See how Enterprise engages customers on Twitter while linking back to their website? If a customer comments, Enterprise replies politely and professionally. Taking time to expand your reach beyond your website is smart in a world where more and more people are using social media to interact with brands.
6. Be Consistent With Design
It might sound simple, but keeping a consistent design throughout your website assures your target audience you are reliable and helps avoid frustration. Keep the logo in the same location sitewide. Place navigation at the top of each page. If your overall tone is serious, keep it professional. Don’t suddenly start inserting awkward jokes no one quite gets. You’ll even want to use a consistent colour scheme.
7. Colour Choices
Speaking of colour schemes, what colours speak to your target audience? It takes the average person only 90 seconds to form an opinion on a product, and most of that decision is based on colour.
The colour you choose for a website where your target audience is all female will be different than one for men. At the same time, if your target demographic is gen-Xers, you’d use a different color palette than for millennials. Be aware of the preferences of these different groups, and you can incorporate some of the colours that speak to that group in your overall design.
User experience is an important element in the overall effectiveness of your website. No matter who your target audience might be, if your site isn’t functioning properly, the audience will grow frustrated and leave your site. UX is a wide blanket that covers how fast your site loads, if all the buttons and links work and even how easy your forms are to fill out.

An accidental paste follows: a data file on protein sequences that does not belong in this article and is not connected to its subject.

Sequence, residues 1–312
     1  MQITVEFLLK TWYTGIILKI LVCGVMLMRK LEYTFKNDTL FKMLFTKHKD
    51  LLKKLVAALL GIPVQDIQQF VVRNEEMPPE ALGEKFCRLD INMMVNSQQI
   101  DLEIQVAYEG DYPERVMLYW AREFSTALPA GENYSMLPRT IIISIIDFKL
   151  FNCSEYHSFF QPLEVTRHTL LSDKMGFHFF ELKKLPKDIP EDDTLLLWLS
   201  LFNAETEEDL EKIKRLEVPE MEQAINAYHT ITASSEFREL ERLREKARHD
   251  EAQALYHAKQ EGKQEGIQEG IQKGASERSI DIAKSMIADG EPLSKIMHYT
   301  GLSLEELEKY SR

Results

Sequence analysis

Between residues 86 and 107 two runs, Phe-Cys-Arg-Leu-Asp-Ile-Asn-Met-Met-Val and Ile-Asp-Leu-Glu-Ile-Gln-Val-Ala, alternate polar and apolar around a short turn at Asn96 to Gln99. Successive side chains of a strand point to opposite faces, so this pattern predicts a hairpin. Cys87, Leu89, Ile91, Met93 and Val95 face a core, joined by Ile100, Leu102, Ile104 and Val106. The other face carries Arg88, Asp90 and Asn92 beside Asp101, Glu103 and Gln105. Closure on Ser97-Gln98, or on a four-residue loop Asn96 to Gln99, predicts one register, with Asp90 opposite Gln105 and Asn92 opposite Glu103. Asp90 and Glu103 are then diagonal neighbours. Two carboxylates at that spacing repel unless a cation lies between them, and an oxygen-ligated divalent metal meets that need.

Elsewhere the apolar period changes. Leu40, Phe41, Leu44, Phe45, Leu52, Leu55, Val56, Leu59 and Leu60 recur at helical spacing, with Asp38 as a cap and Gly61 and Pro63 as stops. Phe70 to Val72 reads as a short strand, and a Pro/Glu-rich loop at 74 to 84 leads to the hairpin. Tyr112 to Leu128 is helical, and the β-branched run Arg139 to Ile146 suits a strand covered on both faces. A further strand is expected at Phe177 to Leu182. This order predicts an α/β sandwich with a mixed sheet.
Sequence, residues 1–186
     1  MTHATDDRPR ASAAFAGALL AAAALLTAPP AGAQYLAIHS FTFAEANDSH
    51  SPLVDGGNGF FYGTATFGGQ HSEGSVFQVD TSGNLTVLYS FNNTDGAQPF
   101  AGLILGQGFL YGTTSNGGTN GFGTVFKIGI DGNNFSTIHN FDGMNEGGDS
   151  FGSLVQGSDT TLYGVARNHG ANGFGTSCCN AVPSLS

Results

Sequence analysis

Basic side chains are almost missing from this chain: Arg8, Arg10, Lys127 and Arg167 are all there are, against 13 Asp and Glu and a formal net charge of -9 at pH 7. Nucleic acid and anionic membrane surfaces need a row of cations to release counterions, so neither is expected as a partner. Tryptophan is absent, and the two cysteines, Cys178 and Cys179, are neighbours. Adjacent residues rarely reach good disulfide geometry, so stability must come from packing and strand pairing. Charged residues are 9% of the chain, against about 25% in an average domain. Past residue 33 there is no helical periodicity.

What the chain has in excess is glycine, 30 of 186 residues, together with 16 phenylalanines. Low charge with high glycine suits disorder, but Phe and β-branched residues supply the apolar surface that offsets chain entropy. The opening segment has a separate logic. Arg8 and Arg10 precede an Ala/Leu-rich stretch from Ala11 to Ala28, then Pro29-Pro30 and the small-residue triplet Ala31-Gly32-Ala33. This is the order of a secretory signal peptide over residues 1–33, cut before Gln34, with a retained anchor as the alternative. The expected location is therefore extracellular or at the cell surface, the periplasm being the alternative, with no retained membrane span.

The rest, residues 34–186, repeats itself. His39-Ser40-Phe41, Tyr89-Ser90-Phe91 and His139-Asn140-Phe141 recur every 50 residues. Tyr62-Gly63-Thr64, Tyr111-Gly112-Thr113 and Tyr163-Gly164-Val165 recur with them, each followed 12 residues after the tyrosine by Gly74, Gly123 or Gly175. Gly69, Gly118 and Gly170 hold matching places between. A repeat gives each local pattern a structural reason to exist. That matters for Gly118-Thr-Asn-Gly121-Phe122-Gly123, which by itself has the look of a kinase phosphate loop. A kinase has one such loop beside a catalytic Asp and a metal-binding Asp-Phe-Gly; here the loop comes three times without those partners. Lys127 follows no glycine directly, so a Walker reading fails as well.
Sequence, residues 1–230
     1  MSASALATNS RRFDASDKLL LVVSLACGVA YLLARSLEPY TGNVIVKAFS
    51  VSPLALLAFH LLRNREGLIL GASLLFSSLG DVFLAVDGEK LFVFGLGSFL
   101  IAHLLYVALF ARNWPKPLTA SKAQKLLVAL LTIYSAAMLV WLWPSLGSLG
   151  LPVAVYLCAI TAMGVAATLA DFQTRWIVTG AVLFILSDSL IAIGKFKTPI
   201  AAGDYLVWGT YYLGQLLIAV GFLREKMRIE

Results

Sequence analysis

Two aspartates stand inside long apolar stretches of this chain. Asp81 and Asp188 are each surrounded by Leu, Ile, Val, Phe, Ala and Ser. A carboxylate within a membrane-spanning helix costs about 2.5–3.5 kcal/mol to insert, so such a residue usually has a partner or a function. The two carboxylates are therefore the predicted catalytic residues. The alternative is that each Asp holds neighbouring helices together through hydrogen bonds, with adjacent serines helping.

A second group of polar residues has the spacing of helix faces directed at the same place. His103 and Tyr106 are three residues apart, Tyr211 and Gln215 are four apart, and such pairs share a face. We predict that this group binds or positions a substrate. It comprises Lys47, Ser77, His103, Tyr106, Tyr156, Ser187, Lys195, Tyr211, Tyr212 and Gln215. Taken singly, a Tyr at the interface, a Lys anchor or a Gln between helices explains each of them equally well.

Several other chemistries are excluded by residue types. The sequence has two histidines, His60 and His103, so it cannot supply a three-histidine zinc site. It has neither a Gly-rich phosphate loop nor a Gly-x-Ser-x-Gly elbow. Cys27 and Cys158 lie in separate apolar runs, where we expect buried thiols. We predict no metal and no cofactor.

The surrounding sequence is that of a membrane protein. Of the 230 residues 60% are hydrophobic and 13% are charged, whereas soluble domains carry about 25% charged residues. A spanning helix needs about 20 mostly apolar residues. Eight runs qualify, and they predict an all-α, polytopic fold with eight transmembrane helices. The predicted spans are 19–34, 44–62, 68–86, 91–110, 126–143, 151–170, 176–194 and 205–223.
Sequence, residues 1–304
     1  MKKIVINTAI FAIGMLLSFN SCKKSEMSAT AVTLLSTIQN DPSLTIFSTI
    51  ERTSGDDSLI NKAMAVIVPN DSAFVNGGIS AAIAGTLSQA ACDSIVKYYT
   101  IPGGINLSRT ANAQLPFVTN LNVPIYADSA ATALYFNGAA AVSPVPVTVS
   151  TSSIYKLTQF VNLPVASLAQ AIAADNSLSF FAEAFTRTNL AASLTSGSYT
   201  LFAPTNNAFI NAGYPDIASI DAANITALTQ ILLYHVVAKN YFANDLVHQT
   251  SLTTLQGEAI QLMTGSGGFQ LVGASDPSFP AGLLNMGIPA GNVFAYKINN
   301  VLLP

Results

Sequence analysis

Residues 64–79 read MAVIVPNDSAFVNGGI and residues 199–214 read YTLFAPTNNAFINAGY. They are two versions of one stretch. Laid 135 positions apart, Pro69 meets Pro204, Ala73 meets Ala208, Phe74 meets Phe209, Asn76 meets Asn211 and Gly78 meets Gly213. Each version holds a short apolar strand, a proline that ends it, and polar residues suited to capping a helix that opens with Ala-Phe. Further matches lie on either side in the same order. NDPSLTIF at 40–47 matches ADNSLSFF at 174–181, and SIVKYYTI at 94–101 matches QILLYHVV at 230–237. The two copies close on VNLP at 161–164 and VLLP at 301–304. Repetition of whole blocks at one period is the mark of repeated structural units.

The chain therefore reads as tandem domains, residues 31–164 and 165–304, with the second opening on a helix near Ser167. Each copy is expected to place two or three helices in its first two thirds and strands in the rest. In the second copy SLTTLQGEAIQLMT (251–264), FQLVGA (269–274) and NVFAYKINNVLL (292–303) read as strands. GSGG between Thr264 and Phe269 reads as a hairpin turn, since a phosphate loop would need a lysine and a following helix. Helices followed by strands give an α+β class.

Boosted Boards offers a high-functioning site with good user-friendliness. Note how the navigation is near the top of every page of the site. The choices when you land on their homepage are clear and intuitive, anticipating the needs of their average site visitors. The overall look of the site is also aesthetically pleasing.
9. Ask Your Visitors
One of the easiest ways to get feedback on how well your site is working for your audience is just to ask. Offer a feedback form or post a poll. Ask your visitors how well different features of the site work for them. You should also allow room for comments, as some of the best ideas for your site will come from the audience.
10. Your Site Layout
When it comes to your site’s layout, the best rule of thumb is to keep things simple. Many experts believe the modern brain prefers simplicity. The average person, no matter the generation, tries to digest information quickly and efficiently. We live in a fast-paced world of 30-second bites of information. Make decisions clear and simple by using a magazine-style or grid layout.
11. Mobile Responsiveness
Users conduct almost 60 percent of searches on mobile devices. If you haven’t optimized your site for mobile, you are probably missing out on at least some of your target audience. Making sure your design is simple enough to load quickly and that your images and layout adapt to smaller screens should be at the top of your list when figuring out site design or redesign.
Take time to consider what would most appeal to your typical audience member. These elements involve which typography you use on your site, the size of the font and even what types of content you produce. Follow basic design principles for a clean, uncluttered look, then add elements that most appeal to the audience you’re trying to reach.
Appealing to Your Target Audience
There are a lot of factors to consider in figuring out if your site is reaching your target audience. The site design needs to appeal to your intended visitors, but there are so many other factors to consider. Focusing on the 12 ideas above will give you a good start to make sure your site meets the needs of your typical customer. Beyond that, strive to improve your site every month, so you stay ahead of the competition and are the best at meeting your customers’ needs.